Nana, you died, but it wasn’t how I thought it should be. I haven’t seen you in what seems like, and may be, years. I remember spending every Friday at your house when we were young, but as we grew you sort of just faded out of our lives. Is it because my father spends as much time being distant from his family as possible? That seems likely enough. I noticed something about you, Nana. You hurt the people around you in various ways, and they distanced themselves from you. When my father was just a boy you ruined his credit before he had even his first job. I don’t feel like your family was very supportive growing up. I can see that in Dad. He doesn’t express his feelings beyond skepticism too often. He cried, they say, when Papa died. I wonder if he will do the same on your funeral tomorrow.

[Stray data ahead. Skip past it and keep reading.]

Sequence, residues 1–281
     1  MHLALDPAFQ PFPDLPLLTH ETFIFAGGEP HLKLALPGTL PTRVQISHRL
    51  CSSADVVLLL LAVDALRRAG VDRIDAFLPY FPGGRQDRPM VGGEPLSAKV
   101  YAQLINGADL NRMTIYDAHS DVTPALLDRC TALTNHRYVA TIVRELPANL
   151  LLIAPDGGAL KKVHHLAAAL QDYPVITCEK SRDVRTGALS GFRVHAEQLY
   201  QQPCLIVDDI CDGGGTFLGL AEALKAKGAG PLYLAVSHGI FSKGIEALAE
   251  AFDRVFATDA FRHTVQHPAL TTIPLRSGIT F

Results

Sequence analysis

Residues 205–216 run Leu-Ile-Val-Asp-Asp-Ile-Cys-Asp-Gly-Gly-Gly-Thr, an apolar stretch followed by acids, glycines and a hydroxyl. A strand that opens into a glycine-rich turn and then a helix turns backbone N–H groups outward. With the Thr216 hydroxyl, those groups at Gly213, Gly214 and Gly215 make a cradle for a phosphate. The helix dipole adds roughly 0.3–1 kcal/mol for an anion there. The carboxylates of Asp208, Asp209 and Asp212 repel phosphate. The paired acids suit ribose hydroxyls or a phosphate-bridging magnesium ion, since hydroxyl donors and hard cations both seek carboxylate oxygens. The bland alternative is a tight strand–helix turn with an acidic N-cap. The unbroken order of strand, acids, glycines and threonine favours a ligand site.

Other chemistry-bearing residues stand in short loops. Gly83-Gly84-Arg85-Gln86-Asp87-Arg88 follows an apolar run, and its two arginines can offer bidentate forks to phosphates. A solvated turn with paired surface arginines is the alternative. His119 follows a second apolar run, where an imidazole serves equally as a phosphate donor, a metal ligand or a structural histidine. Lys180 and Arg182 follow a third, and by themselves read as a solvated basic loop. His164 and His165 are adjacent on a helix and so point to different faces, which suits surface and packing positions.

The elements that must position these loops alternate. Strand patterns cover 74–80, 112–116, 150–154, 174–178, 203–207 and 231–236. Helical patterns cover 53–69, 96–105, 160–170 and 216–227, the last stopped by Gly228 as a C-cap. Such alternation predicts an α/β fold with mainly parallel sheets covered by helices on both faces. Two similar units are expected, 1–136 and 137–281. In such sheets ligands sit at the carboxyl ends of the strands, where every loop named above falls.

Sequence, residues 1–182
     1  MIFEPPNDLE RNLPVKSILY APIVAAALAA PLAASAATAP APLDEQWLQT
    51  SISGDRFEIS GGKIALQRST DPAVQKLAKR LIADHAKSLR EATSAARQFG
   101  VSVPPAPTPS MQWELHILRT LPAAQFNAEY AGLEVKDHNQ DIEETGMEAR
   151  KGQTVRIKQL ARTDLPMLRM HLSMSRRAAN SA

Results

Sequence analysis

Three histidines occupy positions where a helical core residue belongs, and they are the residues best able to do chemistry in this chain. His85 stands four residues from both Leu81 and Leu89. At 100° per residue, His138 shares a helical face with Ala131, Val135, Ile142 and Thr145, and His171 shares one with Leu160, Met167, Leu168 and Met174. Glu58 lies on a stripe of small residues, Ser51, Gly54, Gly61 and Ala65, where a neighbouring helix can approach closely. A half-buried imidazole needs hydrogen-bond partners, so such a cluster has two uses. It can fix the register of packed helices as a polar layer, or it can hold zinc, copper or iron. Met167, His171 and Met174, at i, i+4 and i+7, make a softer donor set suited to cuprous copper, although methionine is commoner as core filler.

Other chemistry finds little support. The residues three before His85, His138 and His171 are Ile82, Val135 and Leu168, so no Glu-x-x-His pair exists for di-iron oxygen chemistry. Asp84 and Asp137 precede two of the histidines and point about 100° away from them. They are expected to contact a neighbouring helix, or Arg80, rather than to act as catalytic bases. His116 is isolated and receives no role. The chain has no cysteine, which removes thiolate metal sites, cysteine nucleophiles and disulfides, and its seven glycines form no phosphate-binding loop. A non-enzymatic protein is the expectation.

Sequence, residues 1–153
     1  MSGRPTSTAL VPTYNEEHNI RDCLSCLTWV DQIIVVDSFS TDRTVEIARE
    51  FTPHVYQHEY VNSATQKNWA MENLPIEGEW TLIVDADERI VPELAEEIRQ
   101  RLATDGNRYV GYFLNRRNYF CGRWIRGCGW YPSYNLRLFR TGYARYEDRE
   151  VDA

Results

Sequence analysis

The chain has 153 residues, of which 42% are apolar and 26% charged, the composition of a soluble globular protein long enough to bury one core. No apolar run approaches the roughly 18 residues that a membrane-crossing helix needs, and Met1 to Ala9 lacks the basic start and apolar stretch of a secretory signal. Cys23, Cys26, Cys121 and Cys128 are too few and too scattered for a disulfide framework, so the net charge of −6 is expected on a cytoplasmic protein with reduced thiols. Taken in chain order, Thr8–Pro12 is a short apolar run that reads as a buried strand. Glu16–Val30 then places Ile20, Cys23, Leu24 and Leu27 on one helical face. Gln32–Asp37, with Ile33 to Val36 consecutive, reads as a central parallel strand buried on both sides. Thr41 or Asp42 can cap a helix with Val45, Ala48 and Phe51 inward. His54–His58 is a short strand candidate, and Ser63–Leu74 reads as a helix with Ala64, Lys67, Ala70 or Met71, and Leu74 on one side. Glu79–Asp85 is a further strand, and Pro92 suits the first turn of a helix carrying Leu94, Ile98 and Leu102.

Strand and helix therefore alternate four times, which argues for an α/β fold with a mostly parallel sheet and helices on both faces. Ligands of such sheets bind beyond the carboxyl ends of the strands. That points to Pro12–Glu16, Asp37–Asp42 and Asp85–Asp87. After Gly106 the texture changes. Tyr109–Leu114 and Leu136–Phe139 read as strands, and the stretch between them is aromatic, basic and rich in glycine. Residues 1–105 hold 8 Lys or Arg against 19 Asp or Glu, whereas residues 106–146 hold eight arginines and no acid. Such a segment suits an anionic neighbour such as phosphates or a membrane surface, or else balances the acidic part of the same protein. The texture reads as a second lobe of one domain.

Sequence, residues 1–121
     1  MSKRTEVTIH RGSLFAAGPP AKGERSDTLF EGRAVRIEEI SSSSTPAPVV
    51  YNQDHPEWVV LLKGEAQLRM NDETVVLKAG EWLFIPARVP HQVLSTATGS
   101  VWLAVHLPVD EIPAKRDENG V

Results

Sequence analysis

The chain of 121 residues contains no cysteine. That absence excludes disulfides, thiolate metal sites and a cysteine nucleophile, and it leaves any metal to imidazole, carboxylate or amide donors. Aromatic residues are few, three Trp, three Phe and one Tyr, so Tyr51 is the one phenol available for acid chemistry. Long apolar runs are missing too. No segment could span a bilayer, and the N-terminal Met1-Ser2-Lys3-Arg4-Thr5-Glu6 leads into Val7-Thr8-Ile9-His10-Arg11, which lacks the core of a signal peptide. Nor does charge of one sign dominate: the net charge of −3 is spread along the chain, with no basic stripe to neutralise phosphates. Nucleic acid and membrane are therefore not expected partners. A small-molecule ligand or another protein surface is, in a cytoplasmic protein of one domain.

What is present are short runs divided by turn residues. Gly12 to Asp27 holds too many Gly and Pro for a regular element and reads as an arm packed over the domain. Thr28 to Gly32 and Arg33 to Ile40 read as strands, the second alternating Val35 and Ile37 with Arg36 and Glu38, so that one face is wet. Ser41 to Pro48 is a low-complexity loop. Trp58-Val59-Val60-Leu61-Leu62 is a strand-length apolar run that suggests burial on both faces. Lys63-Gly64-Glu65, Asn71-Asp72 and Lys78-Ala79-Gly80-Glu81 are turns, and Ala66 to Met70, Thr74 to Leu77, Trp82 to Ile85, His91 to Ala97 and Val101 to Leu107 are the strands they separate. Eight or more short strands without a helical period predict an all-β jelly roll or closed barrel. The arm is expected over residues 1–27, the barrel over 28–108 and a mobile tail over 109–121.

I wish I had been old enough to really know Papa. The stroke that took his voice and ability to walk took that from me. What would I have seen in him? Dad never spoke ill of Papa, and rarely of you for that matter. I still think he loved you even though you hurt him. He always bought you fuel to keep you warm in the winter. He let you borrow money knowing it wouldn’t come back to him. I remember the time you chased me and my brother around the house with a hickory switch for throwing eggs at Papa’s house, and I remember you taking me inside and putting me in the tub after I fell running from you. Even though I was in trouble I felt you cared then. I never then questioned why you lived next door to one another. Not until much later. I remember setting that paper on fire in the living room and brother running through the house with flaming newspaper. I also remember that even though you said you would that you didn’t tell Mom and Dad. Maybe we all missed out on something that could have been. Rest In Peace, Nana.